News November 27

Senator Sanders

Sanders: ‘I Get Nervous’ As Congress returned Monday, empowered Democrats were resisting significant changes in programs like Social Security and Medicare as part of a deal to resolve a year-end fiscal crisis. “I get very nervous when I hear the president and others continue to talk about ‘entitlement reform,’ which I’m afraid is just another word for cuts in Medicare and Medicaid, maybe even Social Security, Sen. Bernie Sanders told Elliot Spitzer on Current TV. “I get nervous that instead of bringing back the old Clinton-era tax rates for the wealthiest people — 39.6 [percent] — there may be a way to wiggle out of that.” LINK, LINK, VIDEO

A ‘Raw Deal’ The White House is laying the groundwork for what could be “a raw deal for the middle class,” Ed Schultz said on MSNBC. Obama senior adviser David Plouffe said the deal will blend tax reform and entitlement reform. Sen. Sanders said Plouffe’s remark “concerns me deeply.” Americans do not want to cut Social Security, Medicare, and Medicaid benefits, Sanders said, and overwhelming majorities favor making the wealthiest people and the largest corporations help tame the deficit. Citing the latest poll, Schultz concluded that “the public agrees with Sen. Sanders.” VIDEO

No New Year’s Cataclysm If some Democrats had their way, the country wouldn’t be facing the “fiscal cliff” but a “fiscal slope,” “fiscal curve” or even an “austerity crisis.” If there’s no deal by Dec. 31, Obama still has authority to stall in implementing the big tax and spending changes. “This is not like the debt ceiling debate where in fact, if you don’t pay your bills on a certain date, there are very dramatic repercussions,” Sen. Sanders told Politico. “The truth of the matter is we could go into the next year, and if we can reach an agreement in the new Congress, in the first weeks or months or two, I don’t think a whole lot of people will know the difference. So it’s not like something cataclysmic happens on Dec. 31.” LINK

Social Security A 2 percent payroll tax cut trumpeted by lawmakers as a way to lift the sagging economy will expire on Dec. 31. Policymakers don't seem too upset. Sen. Sanders, a vocal advocate of social insurance programs, on Monday told The Huffington Post that he is “strongly opposed” to extending the tax holiday since doing so could damage Social Security's solvency. “The middle class deserves tax relief, but not at the expense of Social Security,” Sanders said. LINK

VA Clinic Plans to build a new $2.6 million outpatient clinic for veterans in Burlington, Vt., are moving forward. Sen. Sanders said Monday that the Department of Veterans Affairs has picked a contractor — Fortieth Burlington LLC — to build the facility, which will replace a clinic in Colchester that has outgrown its space. The new clinic will be nearly twice as large as the Colchester clinic and serve about 4,000 veterans, The Associated Press, Vermont Public Radio, the Burlington Free Press online and VTDigger.org reported. LINK, LINK, LINK, LINK

Citizens United “Personally, I could support Sen. Bernie Sanders’ Saving American Democracy Amendment, which would amend the U.S. Constitution to make it clear that ‘1) Corporations are not persons with constitutional rights equal to real people, 2) Corporations are subject to regulation by the people, 3) Corporations may not make campaign contributions or any election expenditures, and 4) Congress and states have the power to regulate campaign finances,’” Edgar Allen Beem wrote for The (Maine) Forecaster. LINK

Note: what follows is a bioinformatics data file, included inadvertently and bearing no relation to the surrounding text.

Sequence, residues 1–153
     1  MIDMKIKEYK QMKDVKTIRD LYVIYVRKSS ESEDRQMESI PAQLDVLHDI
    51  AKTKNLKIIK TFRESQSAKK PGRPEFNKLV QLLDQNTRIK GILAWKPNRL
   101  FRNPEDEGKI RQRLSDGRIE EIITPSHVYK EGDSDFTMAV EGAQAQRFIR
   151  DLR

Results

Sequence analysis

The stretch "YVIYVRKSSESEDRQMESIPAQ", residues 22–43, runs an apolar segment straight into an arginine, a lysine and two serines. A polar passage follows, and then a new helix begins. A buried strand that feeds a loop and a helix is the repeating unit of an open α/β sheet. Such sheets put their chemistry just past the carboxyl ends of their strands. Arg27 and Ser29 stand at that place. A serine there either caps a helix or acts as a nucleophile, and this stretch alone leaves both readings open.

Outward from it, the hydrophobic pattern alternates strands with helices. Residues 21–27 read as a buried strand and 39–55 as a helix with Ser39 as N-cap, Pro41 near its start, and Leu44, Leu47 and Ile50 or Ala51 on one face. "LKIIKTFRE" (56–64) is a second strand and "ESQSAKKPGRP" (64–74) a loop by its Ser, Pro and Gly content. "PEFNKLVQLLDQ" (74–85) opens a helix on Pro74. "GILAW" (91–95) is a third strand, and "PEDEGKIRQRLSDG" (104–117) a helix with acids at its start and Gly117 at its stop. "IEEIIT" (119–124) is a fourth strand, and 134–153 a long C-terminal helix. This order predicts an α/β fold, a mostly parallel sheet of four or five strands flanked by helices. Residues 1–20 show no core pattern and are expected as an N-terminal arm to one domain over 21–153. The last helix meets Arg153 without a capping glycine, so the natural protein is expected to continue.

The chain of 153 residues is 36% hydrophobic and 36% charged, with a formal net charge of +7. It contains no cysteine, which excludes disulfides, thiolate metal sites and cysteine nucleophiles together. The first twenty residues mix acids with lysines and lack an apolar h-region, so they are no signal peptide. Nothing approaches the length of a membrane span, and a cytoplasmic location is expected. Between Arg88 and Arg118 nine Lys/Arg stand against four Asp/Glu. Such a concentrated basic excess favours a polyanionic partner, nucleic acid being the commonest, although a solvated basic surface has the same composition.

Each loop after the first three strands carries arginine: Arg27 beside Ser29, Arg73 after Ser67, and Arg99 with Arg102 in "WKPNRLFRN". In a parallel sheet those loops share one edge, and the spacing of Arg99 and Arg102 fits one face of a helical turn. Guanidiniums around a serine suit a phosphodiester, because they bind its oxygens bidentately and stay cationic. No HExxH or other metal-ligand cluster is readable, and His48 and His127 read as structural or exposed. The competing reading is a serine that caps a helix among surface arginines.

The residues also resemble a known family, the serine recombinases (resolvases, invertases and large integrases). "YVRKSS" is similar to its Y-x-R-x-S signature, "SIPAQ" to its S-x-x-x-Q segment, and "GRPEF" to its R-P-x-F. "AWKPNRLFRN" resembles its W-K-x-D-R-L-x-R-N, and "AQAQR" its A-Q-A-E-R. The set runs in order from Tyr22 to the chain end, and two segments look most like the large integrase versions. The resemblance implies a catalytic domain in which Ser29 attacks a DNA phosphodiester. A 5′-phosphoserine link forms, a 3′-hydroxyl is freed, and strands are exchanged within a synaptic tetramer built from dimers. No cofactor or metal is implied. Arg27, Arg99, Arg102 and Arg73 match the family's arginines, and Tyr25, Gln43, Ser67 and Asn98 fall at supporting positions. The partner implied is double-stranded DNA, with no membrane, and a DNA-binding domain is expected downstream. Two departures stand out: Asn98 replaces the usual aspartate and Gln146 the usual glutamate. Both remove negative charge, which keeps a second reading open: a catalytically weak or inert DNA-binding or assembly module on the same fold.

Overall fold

World

Egyptian Democracy President Mohamed Morsi of Egypt agreed to limit the scope of a sweeping decree he had issued last week that raised his edicts above any judicial review, according to a report by a television network allied with his party. The change places a lone check on his power, although Morsi has retained the right to protect the country’s constitutional council from dissolution by the court until it finishes its work, The New York Times reported. LINK

National

Budget Negotiations The White House warned that the average family will pay $2,200 more in taxes next year if Congress does not freeze tax rates for the middle class in a new report published as part of President Obama’s campaign to extend tax cuts for most Americans while allowing taxes on the wealthiest to rise, The Washington Post reported. LINK

Obama Taking Case to People President Obama plans to make a public case this week for his strategy for dealing with the looming fiscal cliff, traveling to the Philadelphia suburbs Friday as he pressures Republicans to allow tax increases on the wealthy while extending tax cuts for families earning $250,000 or less. The White House said Tuesday that the president intends to hold a series of events to build support for his approach to avoid across-the-board tax increases and steep spending cuts in defense and domestic programs, The Associated Press reported.

Lasting Recession The 261 million people who live in cities and suburbs across the United States still haven't recovered earning power lost in the economic downturn, USA Today reported. Average income per person fell 3.5 percent in metropolitan areas between 2007 and 2011 after adjusting for inflation, according to data released Monday by the federal Bureau of Economic Analysis. LINK

Vermont

Welch: Tax Internet Sales Rep. Peter Welch wants online retailers to play by the same rules as Main Street merchants. Welch is working on a bill called the Main Street Fairness Act. He says the bill levels the playing field between brick and mortar stores -- and those on the Internet. The act would require online companies to collect a sales tax-- if the buyer lives in a state that has one, WCAX-TV reported. LINK